It's Day 27 of our 30 Days of Picture Books. Tonight we're sharing a pick that we first read several months ago, but it was top on my mind when I started compiling a list of 30 Days candidates. The backstory to this one is that my sister and her family have a pug named Leon. He's absolutely adorable, but when Sprout first met Leon, he was truly terrified. He wasn't scared of any other dog, and in fact liked dogs quite a lot, just not the pug. I'm not sure what he thought that squishy little puppy was going to do to him, but he burst into tears every time poor Leon got anywhere near close.
So we embarked on a campaign of desensitization by exposing Sprout to anything pug-related. And I guess it's carried over, even though he now thinks Leon's very cute, because we still seek out pug-ish titles at the library. One of our best finds was the recent Pug & Doug by author/illustrator Steve Breen. This book had instant kid-appeal with its cover image of cheerful friends Pug and Doug bouncing and having fun. Breen uses watercolors to lend an easy feel to the images, which are interspersed with comic-style panels throughout, a nod to Breen's background as a Pulitzer Prize-winning political cartoonist.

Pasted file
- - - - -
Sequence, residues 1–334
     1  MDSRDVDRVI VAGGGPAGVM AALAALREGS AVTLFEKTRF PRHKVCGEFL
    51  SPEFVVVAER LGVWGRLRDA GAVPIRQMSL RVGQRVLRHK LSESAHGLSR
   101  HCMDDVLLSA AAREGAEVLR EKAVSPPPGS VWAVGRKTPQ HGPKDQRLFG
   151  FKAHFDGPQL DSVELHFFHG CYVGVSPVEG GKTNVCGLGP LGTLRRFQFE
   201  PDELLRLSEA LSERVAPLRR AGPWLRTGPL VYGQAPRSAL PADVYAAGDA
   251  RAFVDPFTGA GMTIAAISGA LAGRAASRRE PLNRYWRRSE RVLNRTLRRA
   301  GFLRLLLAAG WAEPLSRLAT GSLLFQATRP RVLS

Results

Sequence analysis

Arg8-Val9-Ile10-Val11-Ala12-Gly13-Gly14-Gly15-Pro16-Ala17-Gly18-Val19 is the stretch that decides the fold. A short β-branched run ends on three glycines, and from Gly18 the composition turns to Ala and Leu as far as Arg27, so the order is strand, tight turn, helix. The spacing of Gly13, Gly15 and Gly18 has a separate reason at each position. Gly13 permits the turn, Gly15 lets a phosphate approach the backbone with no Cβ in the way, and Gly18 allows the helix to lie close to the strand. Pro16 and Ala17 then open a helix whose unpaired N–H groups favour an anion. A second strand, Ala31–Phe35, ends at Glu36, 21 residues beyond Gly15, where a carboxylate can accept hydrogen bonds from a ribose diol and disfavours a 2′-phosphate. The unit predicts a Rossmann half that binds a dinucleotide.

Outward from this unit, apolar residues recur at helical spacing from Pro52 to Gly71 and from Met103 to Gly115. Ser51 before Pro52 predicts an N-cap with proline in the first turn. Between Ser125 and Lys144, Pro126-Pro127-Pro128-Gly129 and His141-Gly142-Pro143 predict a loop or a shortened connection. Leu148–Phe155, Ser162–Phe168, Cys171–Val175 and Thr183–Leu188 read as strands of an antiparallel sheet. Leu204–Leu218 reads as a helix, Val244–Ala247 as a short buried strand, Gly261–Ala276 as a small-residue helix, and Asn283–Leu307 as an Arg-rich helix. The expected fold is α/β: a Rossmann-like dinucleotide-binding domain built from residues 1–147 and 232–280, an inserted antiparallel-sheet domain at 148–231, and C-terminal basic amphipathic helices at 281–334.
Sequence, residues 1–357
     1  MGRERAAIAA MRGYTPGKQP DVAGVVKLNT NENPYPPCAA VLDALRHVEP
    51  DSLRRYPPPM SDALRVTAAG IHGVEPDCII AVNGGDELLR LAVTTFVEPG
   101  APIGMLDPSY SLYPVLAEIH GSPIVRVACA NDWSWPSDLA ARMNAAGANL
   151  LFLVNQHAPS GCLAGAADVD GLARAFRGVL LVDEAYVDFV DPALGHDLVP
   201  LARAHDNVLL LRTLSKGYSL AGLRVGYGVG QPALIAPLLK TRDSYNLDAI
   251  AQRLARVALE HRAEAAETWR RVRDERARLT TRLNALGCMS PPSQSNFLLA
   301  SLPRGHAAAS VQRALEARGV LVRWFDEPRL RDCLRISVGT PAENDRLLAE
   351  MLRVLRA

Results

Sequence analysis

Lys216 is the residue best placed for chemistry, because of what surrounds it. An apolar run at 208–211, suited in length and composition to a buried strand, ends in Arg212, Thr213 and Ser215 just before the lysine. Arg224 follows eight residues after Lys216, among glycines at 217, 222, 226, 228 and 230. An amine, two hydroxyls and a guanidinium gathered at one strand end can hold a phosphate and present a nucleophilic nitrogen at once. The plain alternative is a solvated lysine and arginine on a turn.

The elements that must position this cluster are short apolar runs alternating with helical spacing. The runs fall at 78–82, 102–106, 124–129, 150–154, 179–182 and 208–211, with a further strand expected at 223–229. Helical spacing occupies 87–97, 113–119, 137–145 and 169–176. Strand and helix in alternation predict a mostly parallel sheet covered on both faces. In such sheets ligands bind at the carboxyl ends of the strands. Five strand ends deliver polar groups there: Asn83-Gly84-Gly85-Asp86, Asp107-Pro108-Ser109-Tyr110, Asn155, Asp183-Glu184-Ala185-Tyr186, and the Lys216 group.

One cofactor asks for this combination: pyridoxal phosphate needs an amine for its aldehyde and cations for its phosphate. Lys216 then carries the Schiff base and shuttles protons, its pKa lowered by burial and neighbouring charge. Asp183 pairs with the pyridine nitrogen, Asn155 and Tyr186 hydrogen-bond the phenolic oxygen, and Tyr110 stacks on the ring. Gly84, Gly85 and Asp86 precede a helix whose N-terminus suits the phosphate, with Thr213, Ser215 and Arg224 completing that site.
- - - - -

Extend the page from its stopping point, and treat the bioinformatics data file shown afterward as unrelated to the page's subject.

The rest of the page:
The story is one of friendship and misunderstanding, something that's instantly relatable for most preschoolers. Pug and Doug are besties, with the same favorite likes and dislikes, and just enough individuality to keep things interesting. But then one day Doug discovers that Pug has thrown out a picture of the pair at the UFO convention. Doug's upset, and he goes to talk to his friend, only to discover that Pug is too busy to hang out. Things of course spiral from there, and Doug becomes convinced that Pug's completely over him. Is the friendship really over? Or does Pug have something else going on that's been taking him away from his best friend?
Breen intersperses plenty of humor in the story that adds to the overall charm of this book. The misunderstanding, for that's what it really is, is realistic and kids will emphathize with Doug's feelings even as they see why things were misinterpreted. I love the little eccentric touches that Breen includes, like the fact that the friends love UFOs and that they're both afraid of the same things (vampires, mummies -- and Chinese cresteds!). Best of all, there's a nice joke right at the end that Sprout really loves. He's fairly quivering until we turn the last page and see the punch line - well played, Mr. Breen!
For a light-hearted story of friendship, reconciliation and old doughnuts, Pug & Doug is an awesome choice. I'm very hopeful that we'll see more of this pair - like Frog and Toad, they have an easy rapport that seems destined for more adventure.
Pug & Doug by Steve Breen, published by Dial Books for Young Readers